JustmeAman's avatar

I can tell you I was turned down for some tests on my 24/7 pain because my insurance made a mistake and had not posted my deductable that I had paid. It took me several weeks to get it straightened out and then I was denied again because the hospital had not yet posted it. Today I finally got the tests done.

The_Idler's avatar

@downtide IIRC, they are treated, and get to live under a mountain of debt.

And who said America is supposed to be civilized?
Apart from the Americans, obviously, they are biased. They just have internationally loud voices for being so rich.

Seaofclouds's avatar

We have insurance through the military. Before my husband and I got married, I had insurance through my work. There was a time after my parents insurance stopped covering me that I didn’t have any insurance. I just didn’t go to the doctors at all and luckily I didn’t have any emergencies during that time.

tranquilsea's avatar

I have insurance because I live in Canada. All my treatments for any illnesses, mental or physical, are covered with a few exceptions. Our politicians are trying to line up to privatize our health care. So far they haven’t gotten far because the vast majority of Canadians don’t want that to happen. I am hoping that ongoing propaganda towards privatization will not ultimately sway the electorate’s collective mind.

The system of health care in the U.S. boggles my mind.

OpryLeigh's avatar

@downtide I agree 100%, it’s something I don’t understand either. Whilst there are many people that slate the NHS I feel so privilaged to have free healthcare.

flutherother's avatar

I lived in the USA for a time with no health cover and though I am healthy I felt uneasy about it and dreaded falling ill or having an accident. American healthcare and hospitals are first class but useless if they won’t treat you. I found the system over there to be heartless and cruel and so for all it faults I am glad to be back with the NHS.

Blondesjon's avatar

No.

I simply don’t get injured or sick.

Flavio's avatar

I am a psychiatrist and I take care mostly of uninsured folks through San Francisco’s county mental health system and through the VA. Healthcare reform will help, but most of the meaty provisions will only take effect in 2014 if the Republicans dont wreck it.

What you describe is truly really hard. If you are located in a major city (LA, NY, SF, Chicago, Philly, DC, Boston….) there are services (likely because Democrats have been long in charge and services get funding). In these cities, if you can maneuver the initial intake bureaucracy and waitlist, you will get excellent, academic-level care. If you are not in these cities, it depends on how your state structures its medicaid program and its community mental health safetynet. If you provide more details, I may be able to give you more specific thoughts. Regardless of where you live though, it is very hard.

lillycoyote's avatar

When my COBRA benefits ran out I had 63 days to convert it to individual health insurance without being denied but the premium would have been $1000 a month. There was just no way I could afford that so the 63 day period where I couldn’t be denied coverage expired. I tried to apply for individual insurance after that a couple of times but was denied for preexisting conditions. I haven’t had health insurance for 3½ years. It’s been very scary to know that if I got really sick I could possibly lose my house, everything. I am now in the process of applying through the new federal program. It went into effect in July/August and is really the first big step to be implemented after the passage of the Health Care bill. That was really the only thing standing between me and having health insurance, the preexisting conditions and the cost of this insurance is well below $1000. This particular program is only for people who have been denied individual health insurance though. If you go here you can get information about how it works in your state. Some states have or are now running their own hight risk pools and other states, like mine, have opted into the federal program.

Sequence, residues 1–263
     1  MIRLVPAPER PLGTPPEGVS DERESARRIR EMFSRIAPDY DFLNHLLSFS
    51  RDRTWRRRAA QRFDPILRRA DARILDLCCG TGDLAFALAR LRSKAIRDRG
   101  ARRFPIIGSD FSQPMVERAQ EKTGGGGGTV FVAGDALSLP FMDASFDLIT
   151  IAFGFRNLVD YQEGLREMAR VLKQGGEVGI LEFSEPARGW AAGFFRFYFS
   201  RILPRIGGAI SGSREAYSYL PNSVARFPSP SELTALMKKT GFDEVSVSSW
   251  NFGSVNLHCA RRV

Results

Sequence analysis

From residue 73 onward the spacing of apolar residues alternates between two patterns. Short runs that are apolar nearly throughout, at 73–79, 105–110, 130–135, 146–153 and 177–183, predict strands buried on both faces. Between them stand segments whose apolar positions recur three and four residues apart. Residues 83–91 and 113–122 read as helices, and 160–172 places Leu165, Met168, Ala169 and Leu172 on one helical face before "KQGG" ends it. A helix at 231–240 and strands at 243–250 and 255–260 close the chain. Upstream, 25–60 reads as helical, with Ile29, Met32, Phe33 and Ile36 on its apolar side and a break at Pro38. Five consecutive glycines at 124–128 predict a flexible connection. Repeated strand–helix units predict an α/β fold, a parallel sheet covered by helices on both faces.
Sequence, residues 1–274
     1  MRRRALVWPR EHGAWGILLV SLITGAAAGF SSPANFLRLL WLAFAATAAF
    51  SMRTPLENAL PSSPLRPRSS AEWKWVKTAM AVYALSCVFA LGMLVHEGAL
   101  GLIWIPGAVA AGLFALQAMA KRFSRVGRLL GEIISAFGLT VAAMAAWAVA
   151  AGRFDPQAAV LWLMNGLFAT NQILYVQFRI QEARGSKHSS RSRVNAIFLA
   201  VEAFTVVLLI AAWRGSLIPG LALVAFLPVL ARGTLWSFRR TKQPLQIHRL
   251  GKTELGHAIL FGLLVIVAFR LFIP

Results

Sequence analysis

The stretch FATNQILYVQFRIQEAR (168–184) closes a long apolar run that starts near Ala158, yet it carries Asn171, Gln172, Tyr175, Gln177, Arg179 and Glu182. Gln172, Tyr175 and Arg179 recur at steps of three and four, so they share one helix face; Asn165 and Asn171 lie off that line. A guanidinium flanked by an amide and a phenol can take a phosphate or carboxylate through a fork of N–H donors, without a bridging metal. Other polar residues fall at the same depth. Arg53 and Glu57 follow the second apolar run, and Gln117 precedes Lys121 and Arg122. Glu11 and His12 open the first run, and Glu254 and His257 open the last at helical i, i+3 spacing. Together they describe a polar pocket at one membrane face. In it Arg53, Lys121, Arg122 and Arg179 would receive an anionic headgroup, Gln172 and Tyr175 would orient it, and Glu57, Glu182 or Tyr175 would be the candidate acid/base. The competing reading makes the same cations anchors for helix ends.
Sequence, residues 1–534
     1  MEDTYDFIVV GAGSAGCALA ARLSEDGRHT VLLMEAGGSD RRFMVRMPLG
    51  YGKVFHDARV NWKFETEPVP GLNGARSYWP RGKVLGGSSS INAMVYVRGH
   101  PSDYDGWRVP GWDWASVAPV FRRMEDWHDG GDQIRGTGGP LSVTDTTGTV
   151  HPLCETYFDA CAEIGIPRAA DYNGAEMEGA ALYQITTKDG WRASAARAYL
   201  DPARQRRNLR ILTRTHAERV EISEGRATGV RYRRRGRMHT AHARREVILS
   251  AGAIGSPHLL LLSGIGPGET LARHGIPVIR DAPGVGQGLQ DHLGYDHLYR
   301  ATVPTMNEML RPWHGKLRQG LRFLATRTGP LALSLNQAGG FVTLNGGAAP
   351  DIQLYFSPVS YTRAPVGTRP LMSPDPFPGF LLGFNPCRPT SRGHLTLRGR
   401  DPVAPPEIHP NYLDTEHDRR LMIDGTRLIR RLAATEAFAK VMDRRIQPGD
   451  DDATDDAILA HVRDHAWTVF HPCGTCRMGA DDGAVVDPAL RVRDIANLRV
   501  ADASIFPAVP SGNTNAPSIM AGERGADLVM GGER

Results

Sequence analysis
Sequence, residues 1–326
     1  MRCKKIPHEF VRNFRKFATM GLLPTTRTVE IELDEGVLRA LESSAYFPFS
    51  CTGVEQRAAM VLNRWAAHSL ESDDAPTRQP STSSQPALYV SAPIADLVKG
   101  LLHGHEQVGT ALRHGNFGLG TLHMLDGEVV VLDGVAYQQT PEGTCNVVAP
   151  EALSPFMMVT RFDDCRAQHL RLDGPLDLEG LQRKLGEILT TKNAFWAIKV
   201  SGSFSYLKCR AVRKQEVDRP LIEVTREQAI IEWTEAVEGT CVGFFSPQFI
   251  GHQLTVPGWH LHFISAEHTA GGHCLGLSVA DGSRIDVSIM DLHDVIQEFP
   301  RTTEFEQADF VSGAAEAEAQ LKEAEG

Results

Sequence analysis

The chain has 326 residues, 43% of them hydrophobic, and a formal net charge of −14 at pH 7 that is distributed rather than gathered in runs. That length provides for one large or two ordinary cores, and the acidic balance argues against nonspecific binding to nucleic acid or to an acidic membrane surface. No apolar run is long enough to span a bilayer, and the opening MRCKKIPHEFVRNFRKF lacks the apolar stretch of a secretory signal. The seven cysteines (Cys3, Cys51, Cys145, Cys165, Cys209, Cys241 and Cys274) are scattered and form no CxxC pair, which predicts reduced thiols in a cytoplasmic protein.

DrasticDreamer's avatar

No health insurance for me right now, and I’ve been needing to go to the doctor’s. But I just don’t, because I can’t afford it. I tried to get on my state’s health plan, but I wasn’t able to.

lillycoyote's avatar

@DrasticDreamer When did you try to get insurance through your state’s plan and why couldn’t you get it, if you don’t mind me asking?

DrasticDreamer's avatar

@lillycoyote Because there are so many people who need it right now, basically. They’re randomly drawing names. My name was drawn, but I couldn’t end up doing it because I wasn’t a full-time student at the time (I switched to part-time due to my best friend’s suicide), but they said I’d only get it if I switched back to full-time. The thing is, even then, there was no guarantee since it’s all random.

Edit: I forgot to add that it was only two to three months ago.

YARNLADY's avatar

Both my adult grandsons and my son and his wife have no insurance. If anything were to happen to them, I have no idea what would happen.

The oldest one would be eligible for disability if he would apply for it, because he has Marfan, but he just fakes being OK and keeps his pain to himself. He’s afraid if he says anything, they will make him have an operation on his back.

If there was a life threatening emergency, the hospital would have to treat them, but for all the other things, they just do without.

The two toddler grandsons are currently covered under a Medicare for children plan. It covers their shots and other preventative care.